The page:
Saturday, May 18, 2024 May 18, 2024
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Opportunities Down Under

Dallasite Bernie Uechtritz aims to foster trade and cultural understanding between the U.S. and Australia with his AusAm Network.
illustration by Daniel Hertzberg

On July 4, 1918,  during World War I’s Battle of Hamel in northern France, Australian and American troops killed 2,000 Germans and captured another 1,600. It was the first American battle ever led by a non-American commander. It was also the first time the two countries formally aligned in war.

Now, Dallasite and native Australian Bernie Uechtritz is trying to bring that alliance to the business world as well. Earlier this year he launched AusAm, a network of executives from across North Texas dedicated to the promotion of trade and cultural understanding through social and business events—particularly, trade between North Texas and Australia.

“In an idealistic way, they’re both handshake” places, said Uechtritz, a ranch broker, film industry executive, vineyard owner, and jack of many other trades. “They’re both built on the back of a horse, and they’re very similar in their approach to the world and politics and democracy. Australians have always, always been enamored with America—and Texas in particular.”

Uechtritz—who looks like he came straight out of central casting, with piercing eyes and a handshake that could break walnuts—is joined in his mission by other heavy hitters. Founding board members at AusAm include Tony Palmer, president of global brands and innovation for Irving-based Kimberly Clark Corp.; Christopher Isaac, a PricewaterhouseCoopers partner; and Milton De La Paz, regional manager of Qantas Airways Ltd.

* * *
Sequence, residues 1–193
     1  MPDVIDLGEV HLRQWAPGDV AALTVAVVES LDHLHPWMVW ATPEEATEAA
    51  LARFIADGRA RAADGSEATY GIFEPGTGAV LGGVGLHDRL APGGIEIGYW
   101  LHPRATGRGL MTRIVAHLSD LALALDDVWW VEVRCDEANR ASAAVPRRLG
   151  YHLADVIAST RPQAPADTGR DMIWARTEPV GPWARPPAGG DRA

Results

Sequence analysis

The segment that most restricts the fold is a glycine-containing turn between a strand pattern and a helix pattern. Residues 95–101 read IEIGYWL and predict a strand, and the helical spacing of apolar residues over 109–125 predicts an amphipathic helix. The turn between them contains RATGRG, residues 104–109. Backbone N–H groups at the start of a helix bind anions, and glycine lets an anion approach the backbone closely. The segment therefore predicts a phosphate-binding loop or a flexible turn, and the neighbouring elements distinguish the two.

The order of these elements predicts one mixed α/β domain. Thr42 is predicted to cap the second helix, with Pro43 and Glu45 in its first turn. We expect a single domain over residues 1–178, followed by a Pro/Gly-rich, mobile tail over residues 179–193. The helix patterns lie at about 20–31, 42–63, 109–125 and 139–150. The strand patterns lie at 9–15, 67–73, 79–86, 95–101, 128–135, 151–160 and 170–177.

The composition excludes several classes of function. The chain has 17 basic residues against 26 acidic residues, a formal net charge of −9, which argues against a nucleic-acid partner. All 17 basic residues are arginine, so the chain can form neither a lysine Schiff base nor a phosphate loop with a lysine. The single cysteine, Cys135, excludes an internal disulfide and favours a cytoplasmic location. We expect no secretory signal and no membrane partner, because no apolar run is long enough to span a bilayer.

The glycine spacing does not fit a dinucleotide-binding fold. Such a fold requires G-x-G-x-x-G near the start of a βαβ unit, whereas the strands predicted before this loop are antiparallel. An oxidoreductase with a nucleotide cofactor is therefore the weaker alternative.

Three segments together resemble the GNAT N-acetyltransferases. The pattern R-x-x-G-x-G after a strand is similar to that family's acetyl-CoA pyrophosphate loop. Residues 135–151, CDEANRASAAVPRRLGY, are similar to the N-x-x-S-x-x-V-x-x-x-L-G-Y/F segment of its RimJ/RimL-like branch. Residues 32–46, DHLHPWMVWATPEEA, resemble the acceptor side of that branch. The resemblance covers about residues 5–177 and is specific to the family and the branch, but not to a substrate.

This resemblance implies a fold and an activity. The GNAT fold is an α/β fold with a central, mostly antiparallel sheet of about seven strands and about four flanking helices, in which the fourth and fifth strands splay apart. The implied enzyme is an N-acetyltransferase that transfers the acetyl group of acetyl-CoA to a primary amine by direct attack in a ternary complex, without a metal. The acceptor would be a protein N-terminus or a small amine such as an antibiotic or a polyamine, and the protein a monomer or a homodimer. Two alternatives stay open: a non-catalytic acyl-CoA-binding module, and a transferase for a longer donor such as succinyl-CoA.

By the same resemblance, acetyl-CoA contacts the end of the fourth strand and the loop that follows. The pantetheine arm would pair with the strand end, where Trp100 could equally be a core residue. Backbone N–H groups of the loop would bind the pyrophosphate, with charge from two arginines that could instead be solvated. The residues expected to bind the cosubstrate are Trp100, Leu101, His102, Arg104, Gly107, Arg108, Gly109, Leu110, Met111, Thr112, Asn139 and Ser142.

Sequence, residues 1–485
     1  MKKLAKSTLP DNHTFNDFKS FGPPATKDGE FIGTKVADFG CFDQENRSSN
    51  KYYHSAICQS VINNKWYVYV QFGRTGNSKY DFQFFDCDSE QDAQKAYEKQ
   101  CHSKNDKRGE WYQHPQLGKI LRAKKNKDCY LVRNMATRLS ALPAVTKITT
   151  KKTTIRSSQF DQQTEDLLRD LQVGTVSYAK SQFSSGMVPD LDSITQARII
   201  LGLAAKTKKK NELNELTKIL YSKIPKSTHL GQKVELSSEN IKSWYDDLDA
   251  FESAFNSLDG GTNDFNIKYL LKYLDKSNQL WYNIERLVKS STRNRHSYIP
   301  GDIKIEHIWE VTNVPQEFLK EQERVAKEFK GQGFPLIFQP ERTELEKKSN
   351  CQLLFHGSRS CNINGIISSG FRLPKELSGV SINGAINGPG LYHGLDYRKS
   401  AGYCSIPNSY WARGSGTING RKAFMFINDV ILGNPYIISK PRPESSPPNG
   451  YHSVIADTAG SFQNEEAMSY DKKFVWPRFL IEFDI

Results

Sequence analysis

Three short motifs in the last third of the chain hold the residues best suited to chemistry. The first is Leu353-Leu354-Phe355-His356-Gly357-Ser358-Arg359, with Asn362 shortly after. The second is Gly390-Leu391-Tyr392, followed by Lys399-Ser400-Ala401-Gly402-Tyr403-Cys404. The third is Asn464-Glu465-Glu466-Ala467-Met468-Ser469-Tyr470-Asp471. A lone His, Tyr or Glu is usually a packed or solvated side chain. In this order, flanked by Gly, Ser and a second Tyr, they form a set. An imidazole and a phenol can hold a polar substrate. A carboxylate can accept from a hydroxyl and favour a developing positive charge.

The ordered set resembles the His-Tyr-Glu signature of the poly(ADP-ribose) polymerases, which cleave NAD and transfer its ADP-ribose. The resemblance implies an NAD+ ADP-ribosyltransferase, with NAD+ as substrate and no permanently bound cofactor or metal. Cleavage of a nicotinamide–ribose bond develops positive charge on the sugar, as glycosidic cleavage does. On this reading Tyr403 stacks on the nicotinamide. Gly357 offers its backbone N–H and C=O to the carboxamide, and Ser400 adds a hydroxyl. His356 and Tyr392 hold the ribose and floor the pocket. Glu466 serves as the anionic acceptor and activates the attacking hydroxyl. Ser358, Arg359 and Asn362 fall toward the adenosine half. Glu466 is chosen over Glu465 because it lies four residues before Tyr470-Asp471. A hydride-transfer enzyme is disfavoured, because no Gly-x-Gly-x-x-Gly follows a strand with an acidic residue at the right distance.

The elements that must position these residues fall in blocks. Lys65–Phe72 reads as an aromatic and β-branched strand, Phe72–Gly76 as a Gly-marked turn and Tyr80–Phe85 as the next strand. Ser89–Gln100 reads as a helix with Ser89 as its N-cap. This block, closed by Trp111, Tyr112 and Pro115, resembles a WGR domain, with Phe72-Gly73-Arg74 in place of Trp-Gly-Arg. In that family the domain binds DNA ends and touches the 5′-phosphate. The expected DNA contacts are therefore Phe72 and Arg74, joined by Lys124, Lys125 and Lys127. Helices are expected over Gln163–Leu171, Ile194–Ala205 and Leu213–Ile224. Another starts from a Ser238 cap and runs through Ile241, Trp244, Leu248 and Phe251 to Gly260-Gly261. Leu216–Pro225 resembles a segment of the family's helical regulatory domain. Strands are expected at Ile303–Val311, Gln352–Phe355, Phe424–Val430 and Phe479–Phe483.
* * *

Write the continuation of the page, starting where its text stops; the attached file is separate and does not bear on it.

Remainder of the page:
Australian-American trade already has been skyrocketing. In 2001, the U.S. sent $10.9 billion worth of goods to Australia; in 2011, it was $27.5 billion. Same goes for the return voyage. Australian imports now top $10 billion, up from $6.4 billion in 2001.

Much of that is parked in California or New York, the two largest hubs of Australian immigration. But many of Uechtritz’s countrymen have come to Texas, to work in the equestrian or energy sectors. Nearly 2,000 Aussies live in Dallas-Fort Worth, according to Census data. AusAm will be a way for those people to stay in touch with their Australian roots, while spreading those traditions to their American neighbors.

The group has a trade mission set up for November, which will take DFW entrepreneurs to Brisbane and Sydney to meet with government officials and business leaders. “Anything they require within the business sector will be provided,” De La Paz says. “The goal is to drive business in both directions, but also to link cultural and other interests between the two countries.”